5. Harun al-Rashid (766 - 809)

With an HPI of 77.58, Harun al-Rashid is the 5th most famous Iranian Politician.  His biography has been translated into 77 different languages.

Abu Ja'far Harun ibn Muhammad al-Mahdi (Arabic: أبو جعفر هارون ابن محمد المهدي) or Harun ibn al-Mahdi (Arabic: هَارُون ابْنِ ٱلْمَهْدِيّ, romanized: Hārūn ibn al-Mahdī; c. 763 or 766 – 24 March 809), famously known as Harun al-Rashid (Arabic: هَارُون الرَشِيد, romanized: Hārūn al-Rashīd), was the fifth Abbasid caliph of the Abbasid Caliphate, reigning from September 786 until his death. His reign is traditionally regarded to be the beginning of the Islamic Golden Age. His epithet "al-Rashid" translates to "the Orthodox", "the Just", "the Upright", or "the Rightly-Guided". Harun established the legendary library Bayt al-Hikma ("House of Wisdom") in Baghdad in present-day Iraq, and during his rule Baghdad began to flourish as a world center of knowledge, culture and trade. During his rule, the family of Barmakids, which played a deciding role in establishing the Abbasid Caliphate, declined gradually. In 796, he moved his court and government to Raqqa in present-day Syria. A Frankish mission came to offer Harun friendship in 799. Harun sent various presents with the emissaries on their return to Charlemagne's court, including a clock that Charlemagne and his retinue deemed to be a conjuration because of the sounds it emanated and the tricks it displayed every time an hour ticked. Portions of the fictional One Thousand and One Nights are set in Harun's court and some of its stories involve Harun himself. Harun's life and court have been the subject of many other tales, both factual and fictitious.

Photo of Cambyses II

6. Cambyses II (-550 - -522)

With an HPI of 75.22, Cambyses II is the 6th most famous Iranian Politician.  His biography has been translated into 60 different languages.

Cambyses II (Old Persian: 𐎣𐎲𐎢𐎪𐎡𐎹, romanized: Kaᵐbūjiya) was the second King of Kings of the Achaemenid Empire from 530 to 522 BC. He was the son and successor of Cyrus the Great (r. 550 – 530 BC) and his mother was Cassandane. Before his accession, Cambyses had briefly served as the governor of northern Babylonia under his father from April to December 538 BC. Afterwards, he resided in the Babylonian cities of Babylon and Sippar, before being appointed by his father as co-ruler in 530 BC. His father then set off on an expedition against the Massagetae of Central Asia, where he met his end. Cambyses thus became the sole ruler of the vast Achaemenid Empire, facing no reported opposition. His relatively brief reign was marked by his conquests in North Africa, notably Egypt, which he conquered after his victory over the Egyptian pharaoh Psamtik III (r. 526–525 BC) at the battle of Pelusium in 525 BC. After having established himself in Egypt, he expanded the empire's holdings in Africa, including the conquest of Cyrenaica. In the spring of 522 BC, Cambyses hurriedly left Egypt to deal with a rebellion in Persia. While en route in Syria (Eber-Nari), he received a wound to the thigh, which was soon affected by gangrene. Cambyses died three weeks later at a location called Agbatana, which is most likely the modern city of Hama. He died childless, and was thus succeeded by his younger brother Bardiya, who ruled for a short period before being overthrown by Darius the Great (r. 522–486 BC), who went on to increase the power of the Achaemenids even further.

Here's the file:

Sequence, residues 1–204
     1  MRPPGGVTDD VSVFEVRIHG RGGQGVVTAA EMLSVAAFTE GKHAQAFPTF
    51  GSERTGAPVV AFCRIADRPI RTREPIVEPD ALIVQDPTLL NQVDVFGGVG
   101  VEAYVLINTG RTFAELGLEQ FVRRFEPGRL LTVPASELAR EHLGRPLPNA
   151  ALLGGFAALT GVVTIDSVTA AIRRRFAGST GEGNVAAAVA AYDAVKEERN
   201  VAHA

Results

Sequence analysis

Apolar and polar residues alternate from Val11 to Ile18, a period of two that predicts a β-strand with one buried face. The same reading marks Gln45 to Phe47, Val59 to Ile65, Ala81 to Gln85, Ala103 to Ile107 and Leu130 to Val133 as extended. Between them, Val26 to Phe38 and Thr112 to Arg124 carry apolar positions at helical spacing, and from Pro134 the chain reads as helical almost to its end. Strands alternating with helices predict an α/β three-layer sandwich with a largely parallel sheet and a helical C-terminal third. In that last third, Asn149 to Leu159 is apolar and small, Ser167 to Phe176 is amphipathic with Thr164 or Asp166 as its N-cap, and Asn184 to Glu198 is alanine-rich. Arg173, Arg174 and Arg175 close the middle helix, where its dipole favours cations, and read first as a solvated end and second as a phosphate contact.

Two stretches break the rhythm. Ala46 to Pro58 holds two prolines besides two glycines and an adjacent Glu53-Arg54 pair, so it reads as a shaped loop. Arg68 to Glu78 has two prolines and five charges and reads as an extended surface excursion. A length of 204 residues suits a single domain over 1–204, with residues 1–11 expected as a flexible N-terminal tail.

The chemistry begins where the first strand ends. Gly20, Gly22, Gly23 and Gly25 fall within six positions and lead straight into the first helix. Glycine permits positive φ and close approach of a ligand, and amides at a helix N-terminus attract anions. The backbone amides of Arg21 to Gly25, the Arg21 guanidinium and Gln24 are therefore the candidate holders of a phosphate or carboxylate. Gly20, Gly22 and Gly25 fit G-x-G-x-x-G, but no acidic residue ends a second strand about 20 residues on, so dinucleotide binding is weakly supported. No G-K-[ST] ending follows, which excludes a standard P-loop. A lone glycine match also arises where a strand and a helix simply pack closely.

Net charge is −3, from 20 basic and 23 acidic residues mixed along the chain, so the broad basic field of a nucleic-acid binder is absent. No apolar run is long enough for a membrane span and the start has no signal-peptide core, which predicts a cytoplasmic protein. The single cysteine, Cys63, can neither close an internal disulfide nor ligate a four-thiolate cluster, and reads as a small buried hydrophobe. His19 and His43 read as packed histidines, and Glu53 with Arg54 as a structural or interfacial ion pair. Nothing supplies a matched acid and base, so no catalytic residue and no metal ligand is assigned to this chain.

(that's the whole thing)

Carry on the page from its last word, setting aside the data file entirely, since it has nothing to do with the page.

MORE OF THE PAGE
Photo of Malik-Shah I

7. Malik-Shah I (1055 - 1092)

With an HPI of 74.70, Malik-Shah I is the 7th most famous Iranian Politician.  His biography has been translated into 46 different languages.

Jalāl al-Dawla Mu'izz al-Dunyā Wa'l-Din Abu'l-Fatḥ ibn Alp Arslān (16 August 1055 – 19 November 1092, full name: Persian: سلطان جلال الدولہ معوذ الدنیا و الدین ملک شاه بن محمد الپ ارسلان قسیم ), better known by his regnal name of Malik-Shah I (Persian: ملک شاه), was the third sultan of the Great Seljuk Empire from 1072 to 1092, under whom the sultanate reached its zenith of power and influence. During his youth, he spent his time participating in the campaigns of his father Alp Arslan, along with the latters vizier Nizam al-Mulk. During one of such campaigns in 1072, Alp Arslan was fatally wounded and died only a few days later. After that, Malik-Shah was crowned as the new sultan of the empire, but the succession was contested by his uncle Qavurt. Although Malik-Shah was the nominal head of the Seljuk state, Nizam al-Mulk held near absolute power during his reign. Malik-Shah spent the rest of his reign waging war against the Karakhanids on the eastern side, and establishing order in the Caucasus. Malik-Shah's death to this day remains under dispute; according to some scholars, he was poisoned by Abbasid caliph al-Muqtadi, while others say that he was poisoned by the supporters of Nizam al-Mulk.